Wednesday, January 25, 2006

South Medford High Basketball

The South Medford High School Basketball team is rated by AP as the #1 team in the state of Oregon. In today's Portland Oregonian there is a nice article by their prep sports reporter about South Medford and it's trip to Portland Saturday night to play the best team in Portland the # 3 Jefferson Democrats. He writes:

I cast a vote in The Associated Press high school basketball poll -- have for three years now.
Last week, I was part of the minority, one of three voters around the state to cast my No. 1 vote for Lake Oswego. The other seven voters penciled in South Medford at No. 1.
I know Lake Oswego's guard play has been inconsistent. And the team has a tendency to stand around and watch superstar Kevin Love do his thing (who can blame them?). But I have given the Lakers the nod atop my weekly ballot all season because I figured Love would will take the Lakers to the championship, especially considering their title-game collapse last season.
But after watching South Medford travel 275 miles north, enter one of Oregon's most intimidating venues and barely blink, outmuscling, outhustling and outplaying Jefferson on Saturday, I admit that the majority of AP voters had it right. South Medford is the best team in the state.
The Panthers defeated Jefferson 80-69. But, really, the game wasn't that close. South Medford led by as many as 15 points in the fourth quarter......

To read the rest of the column in the Oregonian click on the tilt above for a link

Monday, January 23, 2006

"John & Abigail Adams"

Tonight, I just finished watching a TV docudrama on PBS, yes PBS, on John & Abigail Adams which is part of the American Experience series. It was excellent and very effecting. I have recently read David McCullough's "John Adams" and the docudrama covers much of the same information but in a way that bring the story to life . Ted Mahar of the Oregonian wrote a review of the docudrama that is right on. His review in part states:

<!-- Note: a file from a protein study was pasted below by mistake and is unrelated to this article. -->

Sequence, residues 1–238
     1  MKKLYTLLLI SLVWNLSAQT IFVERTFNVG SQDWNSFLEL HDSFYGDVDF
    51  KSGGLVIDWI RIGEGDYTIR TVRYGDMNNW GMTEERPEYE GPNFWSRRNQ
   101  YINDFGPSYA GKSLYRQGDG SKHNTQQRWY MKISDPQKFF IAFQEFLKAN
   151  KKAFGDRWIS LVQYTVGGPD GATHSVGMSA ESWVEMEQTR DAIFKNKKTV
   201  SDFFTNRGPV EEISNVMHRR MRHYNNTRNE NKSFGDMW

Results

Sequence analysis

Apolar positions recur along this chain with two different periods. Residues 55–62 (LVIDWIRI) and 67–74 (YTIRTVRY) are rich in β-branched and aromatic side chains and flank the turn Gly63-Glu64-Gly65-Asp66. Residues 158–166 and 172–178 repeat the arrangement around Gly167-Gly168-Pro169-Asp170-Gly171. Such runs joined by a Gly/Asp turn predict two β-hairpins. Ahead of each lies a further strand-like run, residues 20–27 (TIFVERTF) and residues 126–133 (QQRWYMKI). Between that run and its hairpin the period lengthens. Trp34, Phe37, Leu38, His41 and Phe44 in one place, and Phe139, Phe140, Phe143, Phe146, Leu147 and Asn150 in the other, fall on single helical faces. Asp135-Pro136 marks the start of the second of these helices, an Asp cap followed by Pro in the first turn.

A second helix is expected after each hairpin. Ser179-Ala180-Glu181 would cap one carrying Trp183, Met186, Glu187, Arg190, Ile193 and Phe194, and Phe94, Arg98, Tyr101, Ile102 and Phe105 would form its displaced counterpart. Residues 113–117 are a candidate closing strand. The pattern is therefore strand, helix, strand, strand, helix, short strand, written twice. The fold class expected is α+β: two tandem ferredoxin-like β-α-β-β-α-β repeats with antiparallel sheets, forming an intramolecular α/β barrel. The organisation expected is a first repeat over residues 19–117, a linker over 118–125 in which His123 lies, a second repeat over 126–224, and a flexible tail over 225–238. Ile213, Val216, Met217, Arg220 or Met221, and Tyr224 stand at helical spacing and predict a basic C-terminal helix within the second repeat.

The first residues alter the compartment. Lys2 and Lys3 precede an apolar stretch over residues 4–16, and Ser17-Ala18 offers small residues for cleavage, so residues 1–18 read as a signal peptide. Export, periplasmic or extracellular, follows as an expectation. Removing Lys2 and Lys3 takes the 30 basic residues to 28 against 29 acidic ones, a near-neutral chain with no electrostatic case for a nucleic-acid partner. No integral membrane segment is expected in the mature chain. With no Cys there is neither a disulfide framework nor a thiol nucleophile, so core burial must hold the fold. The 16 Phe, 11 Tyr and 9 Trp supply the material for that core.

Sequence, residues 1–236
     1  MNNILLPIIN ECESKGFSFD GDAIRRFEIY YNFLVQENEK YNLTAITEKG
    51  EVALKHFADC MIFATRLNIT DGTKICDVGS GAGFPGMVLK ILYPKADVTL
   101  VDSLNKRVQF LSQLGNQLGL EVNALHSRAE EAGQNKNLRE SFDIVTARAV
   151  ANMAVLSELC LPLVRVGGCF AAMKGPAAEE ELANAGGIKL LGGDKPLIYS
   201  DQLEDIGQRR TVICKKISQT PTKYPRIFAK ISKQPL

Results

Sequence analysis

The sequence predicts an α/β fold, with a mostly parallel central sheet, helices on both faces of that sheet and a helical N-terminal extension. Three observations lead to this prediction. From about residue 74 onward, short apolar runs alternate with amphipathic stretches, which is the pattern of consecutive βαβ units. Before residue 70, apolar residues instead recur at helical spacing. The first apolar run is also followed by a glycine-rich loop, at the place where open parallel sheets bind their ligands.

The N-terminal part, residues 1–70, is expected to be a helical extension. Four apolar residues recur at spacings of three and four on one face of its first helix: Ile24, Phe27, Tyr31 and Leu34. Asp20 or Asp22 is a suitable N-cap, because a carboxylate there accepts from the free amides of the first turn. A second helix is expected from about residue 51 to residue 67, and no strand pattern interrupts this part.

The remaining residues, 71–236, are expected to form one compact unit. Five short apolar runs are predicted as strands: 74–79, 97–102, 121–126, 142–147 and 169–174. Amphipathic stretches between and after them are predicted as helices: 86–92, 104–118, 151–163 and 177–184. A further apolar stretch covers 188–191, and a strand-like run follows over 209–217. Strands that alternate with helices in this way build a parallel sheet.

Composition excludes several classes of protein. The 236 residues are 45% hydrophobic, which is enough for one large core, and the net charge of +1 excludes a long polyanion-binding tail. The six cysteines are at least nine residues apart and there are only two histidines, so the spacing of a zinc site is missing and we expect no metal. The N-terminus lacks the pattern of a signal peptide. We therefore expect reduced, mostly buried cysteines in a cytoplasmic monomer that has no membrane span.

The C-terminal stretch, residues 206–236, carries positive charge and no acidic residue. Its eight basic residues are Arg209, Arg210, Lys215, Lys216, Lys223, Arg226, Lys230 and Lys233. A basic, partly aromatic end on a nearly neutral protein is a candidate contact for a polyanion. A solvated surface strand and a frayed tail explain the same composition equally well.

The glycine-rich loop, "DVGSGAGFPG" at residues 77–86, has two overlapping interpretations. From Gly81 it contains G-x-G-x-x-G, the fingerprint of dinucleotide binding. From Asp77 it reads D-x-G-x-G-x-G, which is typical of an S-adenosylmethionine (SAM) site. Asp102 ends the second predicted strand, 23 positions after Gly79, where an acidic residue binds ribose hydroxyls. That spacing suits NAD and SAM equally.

John & Abigail" is informative and affecting. John's life with Abigail is unimaginable. She was the one person he could completely trust and get along with. He had a talent for alienating even his allies, yet she was devoted to him. Despite the wide geographical spaces in their togetherness, they literally could not live without one another. She died before he did, and he remarked that it was not as awful as his voyages to Europe to prop up his country. This time, he said, they wouldn't have to wait so long to be reunited.
It is rare to have a hanky handy when watching a historical docudrama, but it's not a bad idea for "John & Abigail."

To read the rest of Mahar's review click on the title above for a link.

As David Mc Cullough says at the end of the docudrama.... who would believe a novel in which Jefferson and Adams, the fathers of the Declarations of Independence, both die on it's 50th anniversary? No One would belief it. Adam's last words are "Jefferson lives," but of course he had died a few hours earlier. All of the dialog of Jefferson, Adams and Abigail is based upon their letters. The docudrama near the ends goes in to the letters that went back and forth between Jefferson and Adams in the winter of their lives. Old friends/old enemies, this is better than any fiction anyone could write. A love/hate relationship between Jefferson and Adams and a love story between John and Abigail. It was a magical two hours. These people were not perfect, but they were great and we are privileged that such men and Abigail Adams were part of this country's heritage and history.

South Medford Basketball